I was playing in a functions band around the 1970s when discos were emerging and, it being cheaper to hire one bloke with a box of 45s than a five piece band, work for us was drying up. Instead of joining the Musicians’ Union bandwagon and demanding ‘keep music live’, we started to ask audiences what they preferred and why. The answer was surprising. They preferred a decent live band with people on stage performing who they could get to know and relate to. Pushed they said the thing that really annoyed them was lazy bands. Typically, a band would come on, do a couple of numbers, have a couple of minutes for a chat and fag, and then repeat the process until break time, which often stretched to an hour. A disco provided pretty much non-stop music. A couple of weeks later we all received a new set list with nearly twice as many numbers. We’d hit the stage on time and play the first thirty minutes non-stop, Alan the keyboardist / band leader would sometimes flip through his pad and change the next number if he’d judged the crowd would react better. When that happened he’d yell the substitute at us during the last few bars of the number we were playing and we’d get an instant count in as soon as it finished. We’d typically be doing 8 to 12 or 8 to 1 gigs and, believe me, it was knackering. But, it worked. Yes, we lost some work to discos and we dropped or pegged our prices, but we fared so much better than most other semi-pro bands at the time.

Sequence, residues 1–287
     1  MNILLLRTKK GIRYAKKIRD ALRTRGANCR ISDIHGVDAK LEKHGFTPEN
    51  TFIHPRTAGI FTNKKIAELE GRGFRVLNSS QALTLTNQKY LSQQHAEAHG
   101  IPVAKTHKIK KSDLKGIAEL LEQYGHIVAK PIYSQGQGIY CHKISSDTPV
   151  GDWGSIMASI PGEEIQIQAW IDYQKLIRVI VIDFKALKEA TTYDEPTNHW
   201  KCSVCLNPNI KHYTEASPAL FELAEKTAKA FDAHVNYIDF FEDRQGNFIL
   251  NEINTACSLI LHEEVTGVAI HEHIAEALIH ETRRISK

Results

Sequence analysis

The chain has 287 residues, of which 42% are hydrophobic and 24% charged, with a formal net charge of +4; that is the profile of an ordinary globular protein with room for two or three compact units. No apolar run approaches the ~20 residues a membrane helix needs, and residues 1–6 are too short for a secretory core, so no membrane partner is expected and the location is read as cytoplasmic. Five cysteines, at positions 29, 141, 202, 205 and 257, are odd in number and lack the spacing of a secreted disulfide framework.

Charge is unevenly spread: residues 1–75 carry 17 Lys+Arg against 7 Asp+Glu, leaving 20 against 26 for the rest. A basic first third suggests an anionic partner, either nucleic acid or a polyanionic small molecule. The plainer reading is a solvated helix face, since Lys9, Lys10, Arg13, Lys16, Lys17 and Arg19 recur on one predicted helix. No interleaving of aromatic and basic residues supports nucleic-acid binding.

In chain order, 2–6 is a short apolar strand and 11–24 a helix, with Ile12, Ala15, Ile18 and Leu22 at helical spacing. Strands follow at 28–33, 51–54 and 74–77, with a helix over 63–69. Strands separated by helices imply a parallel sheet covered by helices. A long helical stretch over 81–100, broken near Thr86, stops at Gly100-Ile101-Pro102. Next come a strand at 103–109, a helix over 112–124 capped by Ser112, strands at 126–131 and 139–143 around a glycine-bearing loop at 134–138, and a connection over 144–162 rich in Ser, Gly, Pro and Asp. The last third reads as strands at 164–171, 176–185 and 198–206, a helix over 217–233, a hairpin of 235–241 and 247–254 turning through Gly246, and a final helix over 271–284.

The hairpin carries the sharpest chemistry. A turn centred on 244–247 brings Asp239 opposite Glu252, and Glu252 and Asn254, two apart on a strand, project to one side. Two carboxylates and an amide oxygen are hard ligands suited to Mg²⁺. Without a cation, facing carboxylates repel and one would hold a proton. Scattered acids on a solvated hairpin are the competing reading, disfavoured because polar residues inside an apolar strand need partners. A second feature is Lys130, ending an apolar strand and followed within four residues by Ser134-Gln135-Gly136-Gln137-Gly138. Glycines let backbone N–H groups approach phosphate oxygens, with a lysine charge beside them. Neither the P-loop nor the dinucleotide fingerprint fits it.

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This is a fallacy many artists believe. In the US, we live in a capitalist economy and labor only has value if the end result is valuable. No one cares how long you spent doing something if no one wants the thing you did. Labor has no intrinsic value, only the outcome does.